Jeremy Dys: Religious freedom courageously defended by AG William Barr against militant secularists

Attorney General William Barr delivered one of the most exceptional speeches in modern memory at the University of Notre Dame recently. Judging from his detractors, it seems his remarks landed heaviest on those mystified by the idea of religious neutrality.

Barr began his remarks by noting that his office not only defends the free exercise of religion, but also guards against “states misapplying the Establishment Clause in a way that discriminates against people of faith.”

He invoked the words of the Founding Fathers to demonstrate that the authors of the Constitution believed that a moral standard was essential to the success of a self-governed people. Indeed, the Framers feared the loss of a common moral restraint on human will.

AG BARR BLASTS 'MILITANT SECULARISTS' IN SPEECH ON RELIGIOUS FREEDOM

Or, as Barr put it: “No society can exist without some means for restraining individual rapacity.”

Abandon a common moral restraint and a formerly self-governed people will turn to either tyranny to forcefully apply such restraints, or licentiousness to unbridle any restraint in pursuit of individualism. Thus Barr laments the modern replacement of the Judeo-Christian moral system with an activated secular creed.

Paul Krugman lambasted Barr in The New York Times for even giving the speech, noting that Barr sounded “remarkably like America’s most unhinged religious zealots” who commit “mass murder because schools teach the theory of evolution.” 

It is “not decay” that plagues our modern society, Barr argued, but “organized destruction.”

"Secularists and their allies among the ‘progressives,’ have marshaled all the force” of the modern era “in an unremitting assault on religion and traditional values,” he said.

So much so, Barr observed, that this “secular project has itself become a religion,” with all the zeal and accouterments of religion, “including inquisitions and excommunication.”

Thus Barr laments the modern replacement of the Judeo-Christian moral system with an activated secular creed.

While the conscientiously defiant may not burn at the stake, today’s high commissions for non-discrimination fine them, gag their speech or threaten their professional existence.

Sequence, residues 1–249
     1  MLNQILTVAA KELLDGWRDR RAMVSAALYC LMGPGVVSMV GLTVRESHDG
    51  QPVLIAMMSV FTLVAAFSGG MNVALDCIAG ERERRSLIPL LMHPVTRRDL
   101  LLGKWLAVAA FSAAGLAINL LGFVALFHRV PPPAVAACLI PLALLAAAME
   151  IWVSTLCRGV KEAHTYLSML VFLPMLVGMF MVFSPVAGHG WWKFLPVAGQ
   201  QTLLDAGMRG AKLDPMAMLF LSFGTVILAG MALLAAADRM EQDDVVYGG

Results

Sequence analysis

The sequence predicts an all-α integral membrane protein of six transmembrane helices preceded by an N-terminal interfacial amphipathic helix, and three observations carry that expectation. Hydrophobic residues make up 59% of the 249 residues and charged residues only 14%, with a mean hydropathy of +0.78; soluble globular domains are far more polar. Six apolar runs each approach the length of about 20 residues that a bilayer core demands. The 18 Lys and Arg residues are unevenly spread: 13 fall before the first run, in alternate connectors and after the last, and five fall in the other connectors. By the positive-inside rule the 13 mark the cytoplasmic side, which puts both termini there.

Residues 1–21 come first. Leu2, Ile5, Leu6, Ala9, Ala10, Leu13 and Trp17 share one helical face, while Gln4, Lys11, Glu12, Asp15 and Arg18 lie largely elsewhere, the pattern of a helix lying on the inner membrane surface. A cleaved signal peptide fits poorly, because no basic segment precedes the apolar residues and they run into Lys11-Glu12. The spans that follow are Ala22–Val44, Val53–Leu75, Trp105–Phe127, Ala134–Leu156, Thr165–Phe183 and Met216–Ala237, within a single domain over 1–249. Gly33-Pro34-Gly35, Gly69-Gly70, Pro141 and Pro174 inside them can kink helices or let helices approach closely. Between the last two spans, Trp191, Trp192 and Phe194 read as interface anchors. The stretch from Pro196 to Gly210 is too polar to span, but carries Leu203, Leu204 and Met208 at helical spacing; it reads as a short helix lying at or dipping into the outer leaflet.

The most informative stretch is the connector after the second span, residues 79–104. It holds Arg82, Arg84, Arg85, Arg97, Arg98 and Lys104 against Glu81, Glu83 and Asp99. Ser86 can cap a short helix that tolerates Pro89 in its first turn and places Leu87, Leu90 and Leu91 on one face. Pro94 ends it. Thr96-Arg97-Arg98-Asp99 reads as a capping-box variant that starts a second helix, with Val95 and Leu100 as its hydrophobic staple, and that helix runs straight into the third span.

Whereas the First Amendment welcomes all forms of speech, encouraging better speech to counter disagreeable speech, “militant secularists today do not have a live-and-let-live spirit,” Barr said.

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Not surprisingly, the speech was too much for progressive defenders of secularism.

Jeffrey Toobin in The New Yorker bluntly described it as “the worst speech by an Attorney General of the United States in modern history.” Catherine Rampell called it “a tacit endorsement of theocracy” in The Washington Post.

Paul Krugman lambasted Barr in The New York Times for even giving the speech, noting that Barr sounded “remarkably like America’s most unhinged religious zealots” who commit “mass murder because schools teach the theory of evolution.”

Evidently, Krugman believes gangs of anti-evolutionists led by Barr roam the country, chanting the mantra “Guns don’t kill people — Darwin kills people!”

Barr’s critics prefer secularized neutrality, which isn’t neutral at all.

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Modern activists — who Barr calls “militant secularists” — are hell-bent on demanding the redefinition of the term to one in which neutrality may only be achieved through forced secularity.

Hence, Barr says, “The problem is not that religion is being forced on others. The problem is that irreligion and secular values are being forced on people of faith.”

It is indisputable that Judeo-Christian values played a significant role in the founding of this nation.

From pilgrims fleeing religious oppression in Europe to James Madison’s outrage over Anglican Virginia jailing Baptist ministers, America’s founding era is replete with efforts to preserve space for people of faith to be people of faith independent of the government’s preferred religion. Such historic toleration is what should rightly be called “neutrality.”

Yet in the march to secularized neutrality, government agencies force Aaron and Melissa Klein in Oregon to speak a government-approved message or lose their business, Dr. Eric Walsh in Georgia must shed his religiosity in order to qualify for employment, and Christian schools are denied the use of the public loudspeaker to pray before kickoff.

Critics of Barr’s speech would do well to remember the past administration’s efforts to force celibate nuns to purchase birth control. Forced conformance to the government’s ideological position abandons any mask of neutrality.

Firing someone from their government job for something said as a lay minister is hostility toward religion, not neutral toleration of it. Preventing Cambridge Christian School in Tampa, Fla., from pre-football game prayer censors religious speech in preference to government-imposed silence.

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Despite their protestations, militant secularists have convinced themselves that forced secularization is the only path to enlightened neutrality. It is not. The genius of the Constitution — what Barr called a “quantum leap in liberty” — is that it guards against hostility masquerading as neutrality.

If anything, Barr’s speech is a critical call for a return to a time when notions of free speech and religious liberty were embraced by the religious and secular alike in pursuit of freedom.

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